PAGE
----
On June 15, the Supreme Court issued its decision in Viking River Cruises, Inc. v. Moriana, No. 20-1573, holding that the Federal Arbitration Act (“FAA”) requires California courts to honor agreements to arbitrate individual claims under the California Labor Private Attorneys General Act of 2004, Cal. Lab. Code § 2698 et seq. (“PAGA”). Although Viking River Cruises is a significant win for California employers, it remains to be seen whether and to what extent the full scope of that win will be durable.
Background. PAGA authorizes an “aggrieved employee” to bring an action to recover “on behalf of himself or herself and other current or former employees” any civil penalties the State could have recovered for violations of its Labor Code. Id. § 2699(a). The aggrieved employee may seek penalties not only for injuries he or she suffered, but also for Labor Code violations allegedly inflicted against other employees. If the aggrieved employee succeeds in this “private attorney-general” action, aggrieved employees can obtain one-quarter of the eventual recovery, with the remaining three-quarters paid to the State. Id. § 2699(i).
When respondent Angie Moriana went to work for petitioner Viking River Cruises, Inc. (“Viking”), she agreed to submit disputes arising out of her employment to binding arbitration and waived the right to bring a class, collective, representative, or private attorney-general action. Moriana subsequently sued Viking under PAGA, asserting injuries to herself and other Viking employees arising from violations of the Labor Code. Viking moved to enforce the arbitration agreement. The trial court denied the motion, and the California Court of Appeal affirmed, relying on decisions holding that an employee cannot waive the right to bring PAGA actions and that a PAGA claim cannot be split between “individual” claims alleging Labor Code violations against the plaintiff employee herself and “representative” claims alleging that the employer harmed other employees. See, e.g., Iskanian v. CSL Transp. L.A. LLC, 327 P.3d 129 (2014). The California Supreme Court denied review.
The Decision. In an 8-1 decision, the Supreme Court reversed and remanded to the California courts, ordering Moriana’s individual PAGA claim to arbitration and her representative PAGA claims on behalf of other employees dismissed.
Writing for five Justices (and in part for three more), Justice Alito explained that under the Court’s precedents, the FAA preempts not only those state laws that discriminate on their face against arbitration, but also those that would have the effect of imposing procedural requirements on arbitration that are “inconsistent with the individualized and informal mode of arbitration contemplated by the FAA” (for example, by requiring class arbitration). Drawing on those precedents, Viking argued that the FAA preempted California’s Iskanian rule prohibiting parties from waiving the right to bring PAGA actions. This was because, Viking argued, PAGA actions necessarily entailed the plaintiff’s representation of other parties, so preventing parties from waiving the right to bring PAGA actions in arbitration effectively required them to arbitrate on other than a strictly “bilateral” plaintiff-versus-defendant basis. The Court held that Viking’s argument went too far, pointing out that arbitration readily accommodates many non-bilateral situations (such as those involving a claim asserted by an agent on behalf of a principal).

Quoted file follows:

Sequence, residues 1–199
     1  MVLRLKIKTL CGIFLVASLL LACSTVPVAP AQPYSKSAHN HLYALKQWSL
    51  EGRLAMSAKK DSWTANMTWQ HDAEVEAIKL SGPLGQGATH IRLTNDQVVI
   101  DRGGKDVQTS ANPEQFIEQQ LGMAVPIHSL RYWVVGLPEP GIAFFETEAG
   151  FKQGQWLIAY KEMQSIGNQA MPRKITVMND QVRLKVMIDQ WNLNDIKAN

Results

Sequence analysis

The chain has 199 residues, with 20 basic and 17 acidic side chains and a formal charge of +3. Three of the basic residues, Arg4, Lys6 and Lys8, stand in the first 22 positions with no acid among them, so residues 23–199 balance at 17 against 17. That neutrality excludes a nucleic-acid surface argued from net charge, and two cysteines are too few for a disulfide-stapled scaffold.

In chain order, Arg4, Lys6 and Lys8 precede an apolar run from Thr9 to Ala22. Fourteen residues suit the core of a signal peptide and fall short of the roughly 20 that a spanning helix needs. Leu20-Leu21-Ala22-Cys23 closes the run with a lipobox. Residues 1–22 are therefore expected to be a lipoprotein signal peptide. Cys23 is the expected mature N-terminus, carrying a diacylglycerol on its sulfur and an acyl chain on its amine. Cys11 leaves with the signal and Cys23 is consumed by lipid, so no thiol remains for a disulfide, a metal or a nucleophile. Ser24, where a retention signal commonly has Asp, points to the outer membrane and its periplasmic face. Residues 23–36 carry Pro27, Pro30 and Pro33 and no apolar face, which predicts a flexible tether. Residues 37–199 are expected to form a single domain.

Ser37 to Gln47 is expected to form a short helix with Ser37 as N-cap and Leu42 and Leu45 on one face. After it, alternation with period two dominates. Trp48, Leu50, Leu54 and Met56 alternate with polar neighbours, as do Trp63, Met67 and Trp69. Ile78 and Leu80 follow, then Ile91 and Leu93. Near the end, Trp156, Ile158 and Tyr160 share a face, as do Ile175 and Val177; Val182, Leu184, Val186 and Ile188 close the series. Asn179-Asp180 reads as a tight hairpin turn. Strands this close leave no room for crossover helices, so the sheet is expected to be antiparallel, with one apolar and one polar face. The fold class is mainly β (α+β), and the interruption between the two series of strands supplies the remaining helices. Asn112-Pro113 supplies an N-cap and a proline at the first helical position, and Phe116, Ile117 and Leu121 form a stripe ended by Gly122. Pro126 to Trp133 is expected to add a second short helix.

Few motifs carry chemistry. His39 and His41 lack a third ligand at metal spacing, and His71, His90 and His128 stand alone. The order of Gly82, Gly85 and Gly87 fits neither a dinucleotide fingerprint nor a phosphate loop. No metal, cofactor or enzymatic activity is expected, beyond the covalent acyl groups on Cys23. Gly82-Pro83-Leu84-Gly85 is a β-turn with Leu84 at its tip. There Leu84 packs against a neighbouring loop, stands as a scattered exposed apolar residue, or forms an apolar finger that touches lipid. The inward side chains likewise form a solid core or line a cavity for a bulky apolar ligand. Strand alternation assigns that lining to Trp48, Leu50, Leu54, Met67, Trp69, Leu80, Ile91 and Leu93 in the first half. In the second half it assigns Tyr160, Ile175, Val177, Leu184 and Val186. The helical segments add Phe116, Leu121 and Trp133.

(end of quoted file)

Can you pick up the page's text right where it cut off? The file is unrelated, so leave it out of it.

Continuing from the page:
The Court instead located a conflict between the FAA and two other provisions of California law: PAGA’s requirement that an aggrieved employee can sue over Labor Code violations involving other employees, and the rule against splitting individual and representative PAGA claims in different forums. Together, those rules had the practical effect of forcing employers to choose between eschewing all arbitration of PAGA claims, including those relating to the plaintiff’s own alleged injuries, or agreeing to arbitration of claims brought for the injuries of others as well, even though such collective litigation is ill-suited to arbitration. Consent, the Court emphasized, is the critical consideration under the FAA, and the parties have the right to consent to arbitration of individual claims without being forced to arbitrate collective claims as well.